I have adapted the roti-shaping method shown in Chef in You and here are the instructions:

Using a breadmaker or an electric mixer with a dough hook or by hand, place flour, salt, sugar, condensed milk, egg and fat together and mix until combined. Add water gradually until mixture form a dough. Knead the dough in the breadmaker, electric mixer or on a greased kitchen top for 10-20 min until the dough is elastic and smooth. Please note that the dough has to be smooth as this step is crucial.

Divide dough into small golf-size balls and coat each divided dough with enough layer of fat. Allow dough to rest for at least 2 hrs or more. This helps the dough to stretch.

To shape the roti, there are three methods:

One - The Professional Method - requires lots of practice and skill!

Take a ball of dough.With the hands, press it and lightly stretch it. Holding part of the stretched edges and pull it off from the kitchen top and flip the dough in the air (like a professional pizza maker). See the video in Chef in You for demonstration. Like me if you are find this method too complicated, use Method Two and Three!!! - LOL!

Two - The Square Roti Method - Easy Peasy!

Take a ball of dough and place it on a well greased kitchen top. Use a rolling pin to roll the dough as thin as possible. Using hands, stretch the dough further by pulling the edges as much as possible but without tearing the dough. The stretched dough should be looking semi-translucent.

Fold 1/3 of the dough bringing its top end to the middle. Then, fold the other 1/3 of its bottom end to the middle. Then, fold 1/3 of its right end to the middle and lastly, fold 1/3 of its left end to the middle. Now, you will have a square roti.

Stretch the dough a little and transfer the shaped roti onto a heated and greased frying pan. Cook for 1-2 mins until browned. Turn and cook for another 1-2 mins or until browned.

Three - The Spirals Roti Method - my fav!

Take a ball of dough and place it on a well greased kitchen top. Use a rolling pin to roll the dough as thin as possible. The stretched dough should be looking semi-translucent like Method Two.

Starting from the longer end of the dough, fold 2-3 cm of the edge inwards and roll the rest like a Swiss roll making it looking like a rope.

Holding both ends of the dough rope, stretch and twist it to form a circular shape. Using a rolling pin, roll the dough to desirable thickness.

Transfer the roti onto a heated and well-greased (very important!) frying pan. Cook for 1-2 mins until browned. Turn and cook for another 1-2 mins or until browned.

Serve warm.

Happy Cooking.
Please support me and like me at Facebook...

For those who are interested, here are the Fat Facts that I have learned and like to share:

Have you wonder butter can be solid but canola oil is not? It is because butter has high amount of saturated fat and canola has not.

Different fats contain different proportions of saturated and unsaturated fat. Fats that contain a high percentage of saturated fats include animal fats such as cream, cheese, butter, ghee, suet, lard and fatty meats like pork belly; as well as vegetable fats such as coconut oil, cottonseed oil, palm kernel oil and cocoa fat.

Is consumption of foods with saturated fats bad for us? YES but BEWARE that some low saturated fat products (like margarine) that can contains high amount of trans fats which can be equally bad as saturated fat!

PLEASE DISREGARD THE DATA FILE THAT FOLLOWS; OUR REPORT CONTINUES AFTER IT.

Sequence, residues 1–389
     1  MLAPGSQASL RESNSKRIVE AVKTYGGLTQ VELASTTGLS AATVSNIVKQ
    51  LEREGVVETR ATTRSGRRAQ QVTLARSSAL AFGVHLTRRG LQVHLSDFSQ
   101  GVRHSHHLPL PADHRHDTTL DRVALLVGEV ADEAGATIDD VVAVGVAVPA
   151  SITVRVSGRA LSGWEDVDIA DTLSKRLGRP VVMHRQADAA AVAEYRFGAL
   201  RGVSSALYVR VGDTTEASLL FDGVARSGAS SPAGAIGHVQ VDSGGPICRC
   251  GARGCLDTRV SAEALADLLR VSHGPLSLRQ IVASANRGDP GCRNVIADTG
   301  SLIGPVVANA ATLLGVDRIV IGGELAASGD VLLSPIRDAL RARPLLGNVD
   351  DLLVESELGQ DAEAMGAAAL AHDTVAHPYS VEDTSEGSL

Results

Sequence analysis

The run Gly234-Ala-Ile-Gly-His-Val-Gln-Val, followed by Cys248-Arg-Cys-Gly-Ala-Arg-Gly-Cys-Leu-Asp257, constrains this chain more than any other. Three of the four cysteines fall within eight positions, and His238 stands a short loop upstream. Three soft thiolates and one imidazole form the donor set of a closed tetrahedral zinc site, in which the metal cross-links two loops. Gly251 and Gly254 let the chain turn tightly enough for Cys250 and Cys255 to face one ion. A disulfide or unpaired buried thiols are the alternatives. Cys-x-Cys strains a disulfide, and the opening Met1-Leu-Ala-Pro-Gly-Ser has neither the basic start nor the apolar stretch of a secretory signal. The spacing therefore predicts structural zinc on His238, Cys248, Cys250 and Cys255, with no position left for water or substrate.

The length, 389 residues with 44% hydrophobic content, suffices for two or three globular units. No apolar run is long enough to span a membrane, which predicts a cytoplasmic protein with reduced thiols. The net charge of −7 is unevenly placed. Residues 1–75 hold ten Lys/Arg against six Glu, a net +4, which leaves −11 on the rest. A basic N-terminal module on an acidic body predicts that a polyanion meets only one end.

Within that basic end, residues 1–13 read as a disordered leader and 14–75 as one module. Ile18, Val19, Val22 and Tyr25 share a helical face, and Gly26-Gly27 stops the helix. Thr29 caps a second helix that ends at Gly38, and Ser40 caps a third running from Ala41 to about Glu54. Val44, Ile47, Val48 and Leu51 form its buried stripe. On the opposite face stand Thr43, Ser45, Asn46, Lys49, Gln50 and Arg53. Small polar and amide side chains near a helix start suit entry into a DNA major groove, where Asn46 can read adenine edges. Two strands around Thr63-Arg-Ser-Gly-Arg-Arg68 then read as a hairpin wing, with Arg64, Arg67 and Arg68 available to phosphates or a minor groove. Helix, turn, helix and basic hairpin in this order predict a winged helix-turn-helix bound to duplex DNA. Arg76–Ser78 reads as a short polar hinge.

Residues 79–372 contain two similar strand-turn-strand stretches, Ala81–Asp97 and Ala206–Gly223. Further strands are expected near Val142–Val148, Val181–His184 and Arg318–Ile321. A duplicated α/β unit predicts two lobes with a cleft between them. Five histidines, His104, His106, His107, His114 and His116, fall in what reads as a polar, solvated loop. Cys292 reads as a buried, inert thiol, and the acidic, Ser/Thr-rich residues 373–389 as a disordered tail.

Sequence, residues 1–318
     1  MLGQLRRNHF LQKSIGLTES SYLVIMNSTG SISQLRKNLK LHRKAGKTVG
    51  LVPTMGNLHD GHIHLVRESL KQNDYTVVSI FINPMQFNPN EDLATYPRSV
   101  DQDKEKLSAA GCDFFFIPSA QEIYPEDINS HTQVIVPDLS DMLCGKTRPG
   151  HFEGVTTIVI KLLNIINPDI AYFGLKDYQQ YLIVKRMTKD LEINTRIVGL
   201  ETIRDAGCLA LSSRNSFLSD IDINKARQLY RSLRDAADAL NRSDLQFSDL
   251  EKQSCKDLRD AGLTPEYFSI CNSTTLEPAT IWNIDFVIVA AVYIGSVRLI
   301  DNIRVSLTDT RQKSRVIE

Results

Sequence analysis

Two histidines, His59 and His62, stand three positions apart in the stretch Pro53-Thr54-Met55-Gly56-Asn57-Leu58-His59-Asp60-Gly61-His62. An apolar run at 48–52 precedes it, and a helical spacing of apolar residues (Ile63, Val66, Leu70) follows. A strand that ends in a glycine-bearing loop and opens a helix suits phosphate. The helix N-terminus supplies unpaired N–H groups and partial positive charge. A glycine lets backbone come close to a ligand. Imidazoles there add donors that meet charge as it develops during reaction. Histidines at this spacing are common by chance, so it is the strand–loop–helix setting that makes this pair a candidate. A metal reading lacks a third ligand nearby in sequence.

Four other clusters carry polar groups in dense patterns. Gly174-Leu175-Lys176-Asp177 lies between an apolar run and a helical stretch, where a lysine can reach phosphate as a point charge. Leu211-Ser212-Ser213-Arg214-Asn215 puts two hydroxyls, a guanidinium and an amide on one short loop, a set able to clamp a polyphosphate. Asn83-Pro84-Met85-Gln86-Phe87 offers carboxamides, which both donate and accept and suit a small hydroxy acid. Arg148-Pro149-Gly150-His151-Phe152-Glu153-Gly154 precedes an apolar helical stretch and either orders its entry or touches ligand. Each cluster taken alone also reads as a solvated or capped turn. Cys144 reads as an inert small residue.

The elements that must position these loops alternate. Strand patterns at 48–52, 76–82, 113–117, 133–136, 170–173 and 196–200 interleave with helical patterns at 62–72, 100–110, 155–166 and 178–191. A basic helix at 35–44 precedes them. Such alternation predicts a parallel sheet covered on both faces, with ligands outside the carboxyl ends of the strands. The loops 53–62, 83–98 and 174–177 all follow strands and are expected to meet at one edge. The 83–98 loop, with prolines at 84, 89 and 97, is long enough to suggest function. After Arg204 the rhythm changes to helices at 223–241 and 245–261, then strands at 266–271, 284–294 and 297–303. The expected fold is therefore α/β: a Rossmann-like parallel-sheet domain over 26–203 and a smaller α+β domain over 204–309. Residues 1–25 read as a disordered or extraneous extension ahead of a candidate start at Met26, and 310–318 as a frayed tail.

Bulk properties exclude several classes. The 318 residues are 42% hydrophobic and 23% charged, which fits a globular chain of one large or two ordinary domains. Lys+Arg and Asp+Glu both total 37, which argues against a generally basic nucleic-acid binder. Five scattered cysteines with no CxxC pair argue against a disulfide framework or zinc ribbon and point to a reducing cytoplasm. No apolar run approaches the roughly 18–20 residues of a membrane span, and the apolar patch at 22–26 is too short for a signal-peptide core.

According to Heart Foundation Organisation, trans fat is a type of unsaturated fat that behaves like a saturated fat because of its chemical structure. It increases our risk of heart disease by increasing the bad LDL cholesterol, while also lowering the good HDL cholesterol in our blood.

Most trans fats are artificial and synthetic! They are commonly found in hydrogenated or partially hydrogenated vegetable fats, such as SOME margarine and shortening. So, please please check your food label before buying your ingredient! Please make sure it is trans fats free!!! 

Naturally occurring trans fats are found in small amounts in dairy products, beef, veal, lamb and mutton.

What is worse? Saturated fats or trans fats??? I think both are equally bad!!! For this reason, I will try to use butter wisely! As I said, moderation is essentially what I'm after.

I have create a general guideline for my cooking which I called it Zoe's fat priority, ranking from the worst fat to the least... If a bad fat is to be used in the recipe, I will try to substitute it with reduced fat option or use a lesser amount without compromising its ultimate desired taste.

My fat priority rule:

NO lard and Copha Shortening (100% fat, 98% saturated fat), please!

These are what I found from my food labels...

Ghee (100% fat, 70% saturated, trans fat free!), Butter (81% fat, 52g/100g saturated, 2.7g/100g trans fat), Crisco shortening (100% fat, 25% saturated), Cream (35% fat), Cream Cheese (34% fat, 24g/100g saturated), margarine (Some has no trans fat but they are generally not suitable for baking), rice bran oil (100% fat, 20% saturated, trans fat free!), olive oil (100% fat, 14% saturated but has low smoke point - Not suitable for frying!), canola oil (100% fat, 7% saturated, 0.8% trans fat)

These are all the fats I have in my pantry! Plenty!!! And, so I must use them wisely!

For baking and better flavours, I prefer to use butter in most occasions rather than Crisco shortening. If I do that, I will try to use butter in moderation.

Although most margarine contain lesser fat content than butter, some margarine sold in Australia can contain up to 8g/100g trans fat!

Another thing... don't always assume that all rice bran oil, shortening, vegetable oil or any specific fat are the same. Some can be very different depending on its brand, manufacturing companies and places of origin. When I was in Singapore, I was shocked to see that the rice bran oil sold in Singapore contains trans fat!!! ... and the one that I'm using in Australia doesn't!

Check your food label and you will see what I mean...

So... Always always always read your food labels and choose your food products and fats wisely! Feed your family and yourself with delicious food but also be nice to your thighs and heart!